Genomic Risk Variants at 1p13.3, 1q41, and 3q22.3 Are Associated With Subsequent Cardiovascular Outcomes in Healthy Controls and in Established Coronary Artery Genomic Risk Variants at 1p13.3, 1q41, and 3q22.3 Are Associated With Subsequent Cardiovascular Outcomes in Healthy Controls and in Established Coronary Artery Disease
Whalley, Gillian; Ellis, Katrina L.; Frampton, Chris M.; Pilbrow, Anna P.; Troughton, Richard W.; Doughty, Robert N.; Ellis, Chris J.; Skelton, Lorraine; Thomson, Judith; Yandle, Tim G.; Richards, A. Mark; Cameron, Vicky A.
Citation:Ellis, K. L., Frampton, C. M., Pilbrow, A. P., Troughton, R. W., Doughty, R. N., Whalley, G. A., ... & Cameron, V. A. (2011). Genomic Risk Variants at 1p13. 3, 1q41, and 3q22. 3 Are Associated With Subsequent Cardiovascular Outcomes in Healthy Controls and in Established Coronary Artery DiseaseClinical Perspective. Circulation: Cardiovascular Genetics, 4(6), 636-646.
Permanent link to Research Bank record:http://hdl.handle.net/10652/2124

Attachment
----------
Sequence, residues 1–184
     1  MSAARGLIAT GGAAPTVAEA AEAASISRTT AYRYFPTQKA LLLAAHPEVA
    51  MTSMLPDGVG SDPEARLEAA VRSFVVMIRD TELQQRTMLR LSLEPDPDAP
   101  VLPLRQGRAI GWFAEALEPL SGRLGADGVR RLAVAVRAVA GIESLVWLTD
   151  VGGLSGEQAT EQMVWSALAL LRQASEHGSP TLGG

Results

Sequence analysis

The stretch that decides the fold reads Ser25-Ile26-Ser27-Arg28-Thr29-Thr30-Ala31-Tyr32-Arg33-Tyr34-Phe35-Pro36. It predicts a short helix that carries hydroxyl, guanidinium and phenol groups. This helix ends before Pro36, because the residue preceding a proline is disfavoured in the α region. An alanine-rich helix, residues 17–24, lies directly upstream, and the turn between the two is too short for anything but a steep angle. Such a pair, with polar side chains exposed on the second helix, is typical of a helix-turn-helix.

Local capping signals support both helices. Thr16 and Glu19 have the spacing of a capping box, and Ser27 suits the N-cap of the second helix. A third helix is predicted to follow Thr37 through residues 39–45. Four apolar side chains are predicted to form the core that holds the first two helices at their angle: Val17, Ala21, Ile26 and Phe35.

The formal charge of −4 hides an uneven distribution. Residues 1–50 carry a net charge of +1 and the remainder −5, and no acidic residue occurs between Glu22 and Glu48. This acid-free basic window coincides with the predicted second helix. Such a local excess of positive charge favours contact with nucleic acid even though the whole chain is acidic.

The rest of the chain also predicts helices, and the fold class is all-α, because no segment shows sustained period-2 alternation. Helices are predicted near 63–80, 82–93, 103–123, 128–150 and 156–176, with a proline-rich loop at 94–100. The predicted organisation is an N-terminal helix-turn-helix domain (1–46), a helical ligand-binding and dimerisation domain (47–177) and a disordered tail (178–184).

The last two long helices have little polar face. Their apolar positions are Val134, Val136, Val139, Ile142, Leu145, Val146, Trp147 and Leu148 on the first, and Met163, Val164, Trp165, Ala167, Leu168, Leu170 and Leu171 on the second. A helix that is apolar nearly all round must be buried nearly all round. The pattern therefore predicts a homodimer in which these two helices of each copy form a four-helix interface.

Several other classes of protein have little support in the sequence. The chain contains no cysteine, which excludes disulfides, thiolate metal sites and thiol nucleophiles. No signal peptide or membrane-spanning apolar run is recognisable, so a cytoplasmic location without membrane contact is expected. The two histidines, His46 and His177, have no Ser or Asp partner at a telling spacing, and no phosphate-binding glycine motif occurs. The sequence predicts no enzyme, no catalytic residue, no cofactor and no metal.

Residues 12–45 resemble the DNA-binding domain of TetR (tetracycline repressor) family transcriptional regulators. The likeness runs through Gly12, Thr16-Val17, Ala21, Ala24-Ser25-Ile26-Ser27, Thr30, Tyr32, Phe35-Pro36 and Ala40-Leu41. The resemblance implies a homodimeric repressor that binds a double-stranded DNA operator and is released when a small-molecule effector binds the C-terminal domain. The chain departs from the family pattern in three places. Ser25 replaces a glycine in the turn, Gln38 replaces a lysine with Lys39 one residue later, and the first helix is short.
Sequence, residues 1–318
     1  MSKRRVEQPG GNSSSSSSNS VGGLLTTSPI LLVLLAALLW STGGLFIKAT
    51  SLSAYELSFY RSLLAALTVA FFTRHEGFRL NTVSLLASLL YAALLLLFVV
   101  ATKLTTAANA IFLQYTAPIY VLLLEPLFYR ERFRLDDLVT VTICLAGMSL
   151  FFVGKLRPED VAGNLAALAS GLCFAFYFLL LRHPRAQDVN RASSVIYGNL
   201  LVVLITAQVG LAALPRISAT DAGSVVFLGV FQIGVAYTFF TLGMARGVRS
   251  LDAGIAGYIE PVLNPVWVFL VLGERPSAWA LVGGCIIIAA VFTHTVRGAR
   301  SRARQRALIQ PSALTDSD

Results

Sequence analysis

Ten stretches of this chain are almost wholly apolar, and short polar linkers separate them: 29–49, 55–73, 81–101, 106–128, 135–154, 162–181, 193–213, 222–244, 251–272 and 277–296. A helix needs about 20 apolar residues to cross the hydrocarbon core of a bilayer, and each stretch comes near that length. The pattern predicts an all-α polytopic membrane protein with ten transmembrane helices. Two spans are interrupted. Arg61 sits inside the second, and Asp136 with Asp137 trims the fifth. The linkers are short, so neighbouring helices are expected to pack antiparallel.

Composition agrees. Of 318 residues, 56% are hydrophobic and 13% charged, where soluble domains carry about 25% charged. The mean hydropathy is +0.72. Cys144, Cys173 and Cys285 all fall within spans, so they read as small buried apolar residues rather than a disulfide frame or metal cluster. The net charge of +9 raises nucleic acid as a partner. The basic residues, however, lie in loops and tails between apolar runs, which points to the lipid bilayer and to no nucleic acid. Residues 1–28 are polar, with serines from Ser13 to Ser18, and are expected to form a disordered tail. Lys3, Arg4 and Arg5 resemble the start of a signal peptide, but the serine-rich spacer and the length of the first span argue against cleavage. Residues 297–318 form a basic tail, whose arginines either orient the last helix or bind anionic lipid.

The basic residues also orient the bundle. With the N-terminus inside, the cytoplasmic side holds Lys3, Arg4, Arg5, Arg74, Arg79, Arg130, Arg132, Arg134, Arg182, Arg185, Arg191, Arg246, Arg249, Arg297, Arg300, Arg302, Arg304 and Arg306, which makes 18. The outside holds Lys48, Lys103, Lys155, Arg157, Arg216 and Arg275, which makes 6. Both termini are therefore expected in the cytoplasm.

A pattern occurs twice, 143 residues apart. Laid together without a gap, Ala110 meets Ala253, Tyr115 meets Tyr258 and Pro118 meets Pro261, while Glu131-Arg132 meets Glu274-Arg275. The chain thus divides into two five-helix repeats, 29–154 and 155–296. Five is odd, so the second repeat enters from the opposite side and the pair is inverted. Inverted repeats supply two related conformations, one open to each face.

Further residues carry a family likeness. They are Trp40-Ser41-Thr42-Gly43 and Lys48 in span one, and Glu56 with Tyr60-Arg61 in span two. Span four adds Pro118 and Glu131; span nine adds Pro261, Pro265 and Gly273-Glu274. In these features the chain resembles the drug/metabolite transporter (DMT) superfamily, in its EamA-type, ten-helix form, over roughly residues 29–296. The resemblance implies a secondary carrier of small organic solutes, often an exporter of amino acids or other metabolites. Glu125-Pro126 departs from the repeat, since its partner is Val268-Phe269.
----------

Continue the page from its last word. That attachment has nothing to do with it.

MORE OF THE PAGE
Coronary artery disease (CAD) has multifactorial origins, and although some families are particularly affected, no precise mode of inheritance has been identified. It is likely that this reflects the contribution of numerous genetic components, each conferring a small risk in cumulative interaction with environmental factors to substantively increase disease susceptibility.1 In recent years, significant advances have been made in elucidating the genetic basis of CAD with the completion of several large genome-wide association studies (GWAS) that have looked at the DNA variation across the entire human genome. In a landmark study in 2007, the Wellcome Trust Case Control Consortium identified a region on chromosome 9 (9p21.3) that was the most strongly associated with the risk of developing CAD,2 a finding that has since been replicated in several independent studies.3–6 The 9p21.3 rs1333049 variant is common and may potentially be added to risk profiling in the future. Already it has been reported that adding the 9p21.3 genotype to the traditional risk score significantly improves CAD risk prediction in the community.7